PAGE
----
International Meeting for Autism Research: Emergency Department Utilization by Adolescents and Adults with Autism Spectrum Disorders Living with Minimal Support, with Family and In Supported Group Homes

Emergency Department Utilization by Adolescents and Adults with Autism Spectrum Disorders Living with Minimal Support, with Family and In Supported Group Homes

Friday, May 13, 2011
Elizabeth Ballroom E-F and Lirenta Foyer Level 2 (Manchester Grand Hyatt)
10:00 AM
A. Tint1, S. Robinson2, J. A. Weiss1 and Y. Lunsky2, (1)York University, Toronto, ON, Canada, (2)Centre for Addiction and Mental Health, Toronto, ON, Canada
Background: Individuals with Autism Spectrum Disorders (ASD) face multiple barriers to primary medical and mental health care, and frequently utilize emergency department  (ED) services as a result (Krauss et al., 2003; Mandell, 2008). However, ED services do not adequately meet the care needs of this population, with impairments in social, communicative and behavioral abilities making ED visits particularly challenging (Bradley & Lofchy, 2005). Limited research exists on the detailed experiences of individuals with ASD in the ED, and no studies have compared the experiences of adolescents and adults with ASD from different residential settings.

Objectives: The present study aims to further examine the types and antecedents of ED visits in adolescents and adults with ASD, as well as differences in care received and discharge outcomes across three different living situations; with family, with minimal support, or in group homes.

Methods: As part of a larger project examining the crisis experience of individuals with Intellectual Disabilities in Ontario, Canada, the current study summarizes information collected from ED chart reviews on persons with ASD in minimal support settings, with family and in group homes. Forty-three individuals, 16-72 years of age (M=28.95, SD=12.26), had at least one ED visit and consented to have their ED documentation reviewed by a research team.

Results: Preliminary analyses indicate that there were 66 ED visits in total across the three residential groups. Individuals living in minimal support settings (n = 6) were 18-47 years of age (M=30.33, SD=10.65) and visited the ED a total of 11 times (2 medical and 9 psychiatric visits). Individuals living with family (n = 16) were 16-31 years of age (M=20.06, SD=3.80) and visited the ED a total of 20 times (1 medical and 19 psychiatric visits). Finally, those living in supported group homes (n=21) were 18-72 years of age (M=35.33, SD=13.03) and visited the ED a total of 35 times (11 medical and 24 psychiatric visits). In all three residential settings, aggression and self-injurious behaviors were the most commonly stated reasons for the ED visit. Further analysis will explore differences between residential contexts in the types of events leading up to the ED visit, and their associations to clinical and demographic characteristics, care received and discharge outcomes.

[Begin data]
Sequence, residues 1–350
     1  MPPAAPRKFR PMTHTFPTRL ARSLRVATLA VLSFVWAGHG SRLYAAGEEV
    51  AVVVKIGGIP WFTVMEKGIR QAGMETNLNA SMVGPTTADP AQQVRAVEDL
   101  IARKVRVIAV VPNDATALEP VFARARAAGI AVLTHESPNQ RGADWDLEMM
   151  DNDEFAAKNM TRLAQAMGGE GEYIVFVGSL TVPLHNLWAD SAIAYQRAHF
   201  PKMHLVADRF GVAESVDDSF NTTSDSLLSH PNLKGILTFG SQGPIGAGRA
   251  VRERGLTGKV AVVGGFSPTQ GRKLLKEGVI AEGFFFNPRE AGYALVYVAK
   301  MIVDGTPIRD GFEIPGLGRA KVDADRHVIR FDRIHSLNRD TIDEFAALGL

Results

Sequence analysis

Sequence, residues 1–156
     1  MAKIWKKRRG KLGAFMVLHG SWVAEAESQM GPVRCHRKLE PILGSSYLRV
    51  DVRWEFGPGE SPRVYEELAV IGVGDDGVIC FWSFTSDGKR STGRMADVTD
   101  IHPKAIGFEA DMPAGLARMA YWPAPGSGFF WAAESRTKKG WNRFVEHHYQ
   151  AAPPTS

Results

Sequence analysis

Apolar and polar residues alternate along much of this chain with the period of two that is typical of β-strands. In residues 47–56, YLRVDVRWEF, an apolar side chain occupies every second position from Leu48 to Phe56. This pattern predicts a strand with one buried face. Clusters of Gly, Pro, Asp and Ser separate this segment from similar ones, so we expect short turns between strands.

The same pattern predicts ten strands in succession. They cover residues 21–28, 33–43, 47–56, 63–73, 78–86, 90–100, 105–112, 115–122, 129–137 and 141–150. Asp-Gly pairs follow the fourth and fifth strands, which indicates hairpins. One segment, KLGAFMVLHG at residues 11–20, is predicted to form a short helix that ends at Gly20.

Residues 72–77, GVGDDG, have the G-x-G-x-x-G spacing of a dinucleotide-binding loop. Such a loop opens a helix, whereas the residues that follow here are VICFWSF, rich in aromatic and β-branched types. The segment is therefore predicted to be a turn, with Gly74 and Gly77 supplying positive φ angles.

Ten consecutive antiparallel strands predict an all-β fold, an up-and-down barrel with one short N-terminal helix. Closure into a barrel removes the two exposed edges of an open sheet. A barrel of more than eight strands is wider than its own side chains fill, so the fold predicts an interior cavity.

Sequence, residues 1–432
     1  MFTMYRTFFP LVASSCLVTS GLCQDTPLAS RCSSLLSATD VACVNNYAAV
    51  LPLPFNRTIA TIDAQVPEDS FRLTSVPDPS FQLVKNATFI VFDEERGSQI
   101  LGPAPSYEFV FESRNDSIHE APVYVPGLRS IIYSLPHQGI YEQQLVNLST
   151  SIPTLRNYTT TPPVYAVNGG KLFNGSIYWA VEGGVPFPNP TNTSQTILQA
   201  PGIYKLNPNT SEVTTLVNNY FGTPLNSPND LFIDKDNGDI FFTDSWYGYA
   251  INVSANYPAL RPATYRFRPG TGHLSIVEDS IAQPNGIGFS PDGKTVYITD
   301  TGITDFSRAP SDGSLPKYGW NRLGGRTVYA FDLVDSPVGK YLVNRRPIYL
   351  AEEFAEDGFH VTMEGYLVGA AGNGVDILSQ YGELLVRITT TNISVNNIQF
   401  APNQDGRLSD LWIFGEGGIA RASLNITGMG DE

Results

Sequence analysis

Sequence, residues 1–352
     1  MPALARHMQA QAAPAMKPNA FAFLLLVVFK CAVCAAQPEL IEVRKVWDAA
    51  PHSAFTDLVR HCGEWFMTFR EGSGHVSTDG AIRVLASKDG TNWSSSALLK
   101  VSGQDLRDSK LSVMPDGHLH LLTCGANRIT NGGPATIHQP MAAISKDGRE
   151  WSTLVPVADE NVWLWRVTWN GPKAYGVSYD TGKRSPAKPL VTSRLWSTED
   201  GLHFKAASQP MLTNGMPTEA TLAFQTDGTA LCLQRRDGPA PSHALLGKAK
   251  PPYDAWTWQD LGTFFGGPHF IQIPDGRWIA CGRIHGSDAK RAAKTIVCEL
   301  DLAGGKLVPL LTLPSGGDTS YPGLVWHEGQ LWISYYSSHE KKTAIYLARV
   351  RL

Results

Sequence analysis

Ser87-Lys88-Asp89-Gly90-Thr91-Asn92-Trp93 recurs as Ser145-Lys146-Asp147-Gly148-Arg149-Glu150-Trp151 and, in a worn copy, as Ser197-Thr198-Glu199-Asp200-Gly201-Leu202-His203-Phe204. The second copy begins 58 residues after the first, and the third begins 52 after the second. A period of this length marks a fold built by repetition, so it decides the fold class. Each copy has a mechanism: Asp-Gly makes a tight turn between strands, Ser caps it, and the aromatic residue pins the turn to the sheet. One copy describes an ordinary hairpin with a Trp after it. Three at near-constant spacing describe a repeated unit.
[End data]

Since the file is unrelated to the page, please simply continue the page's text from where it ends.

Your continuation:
Conclusions: Consistent with related research, results indicate that individuals with ASD frequently use emergency psychiatric services due to aggressive and self-injurious behaviors. Results will be discussed in relation to potential risk factors, as well as implications for ED protocol and health service policies. Further insight into the ED experiences of individuals with ASD living in different residential settings will contribute to our understanding of crisis experiences of individuals across the spectrum.

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